Given that Taproot addresses use a new SegWit version and a new address encoding (bech32m), it’s reasonable to expect a transition from the ecosystem to this new address version similar to what we saw for the P2PKH/P2SH -> P2WPKH/P2WSH transition. It wouldn’t be strange if we see at the very least a multi-month transition period, where some wallets can generate Taproot addresses, but many services like exchanges don’t support making withdrawals to these new addresses.
Following that line of thinking, the transition to Taproot could be much smoother for wallets and end-users if we had a strategy similar to what the P2SH-wrapped outputs did for SegWit.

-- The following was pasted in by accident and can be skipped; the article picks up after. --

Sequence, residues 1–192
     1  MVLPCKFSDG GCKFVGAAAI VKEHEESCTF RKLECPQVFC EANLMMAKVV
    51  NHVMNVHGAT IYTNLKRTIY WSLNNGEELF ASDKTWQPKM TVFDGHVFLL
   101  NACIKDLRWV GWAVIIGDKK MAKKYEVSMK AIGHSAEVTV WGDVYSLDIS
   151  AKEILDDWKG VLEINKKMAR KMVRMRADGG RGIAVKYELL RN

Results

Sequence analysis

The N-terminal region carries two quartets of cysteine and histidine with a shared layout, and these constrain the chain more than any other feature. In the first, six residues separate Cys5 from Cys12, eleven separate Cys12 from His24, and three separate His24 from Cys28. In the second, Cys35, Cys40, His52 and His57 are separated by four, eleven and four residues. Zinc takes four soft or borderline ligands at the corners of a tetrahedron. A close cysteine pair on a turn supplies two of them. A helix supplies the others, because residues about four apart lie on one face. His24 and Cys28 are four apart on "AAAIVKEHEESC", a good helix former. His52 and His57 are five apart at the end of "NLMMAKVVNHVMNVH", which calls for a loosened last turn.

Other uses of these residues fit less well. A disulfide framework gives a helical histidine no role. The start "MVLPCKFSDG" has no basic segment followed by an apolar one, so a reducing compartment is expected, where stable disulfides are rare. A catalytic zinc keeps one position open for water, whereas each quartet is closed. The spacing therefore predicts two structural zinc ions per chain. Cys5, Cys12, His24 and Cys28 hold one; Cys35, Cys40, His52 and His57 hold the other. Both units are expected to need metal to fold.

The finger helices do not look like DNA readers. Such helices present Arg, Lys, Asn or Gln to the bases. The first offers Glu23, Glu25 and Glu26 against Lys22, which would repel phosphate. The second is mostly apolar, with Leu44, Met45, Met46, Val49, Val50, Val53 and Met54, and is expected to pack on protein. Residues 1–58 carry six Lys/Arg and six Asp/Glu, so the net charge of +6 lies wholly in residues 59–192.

In BIP341, there’s a security argument for why P2SH-wrapped outputs are not supported: since they use a 160-bit hash, they only provide 80 bits of collision resistance, which is too low. However, after 3.5 years of transition, most of the industry already supports withdrawals to P2WSH addresses. P2WSH outputs use a 256-bit hash, which provides the same 128 bits of collision resistance as the top-level P2TR outputs.
Is there any other reason for not supporting P2WSH-wrapped P2TR outputs?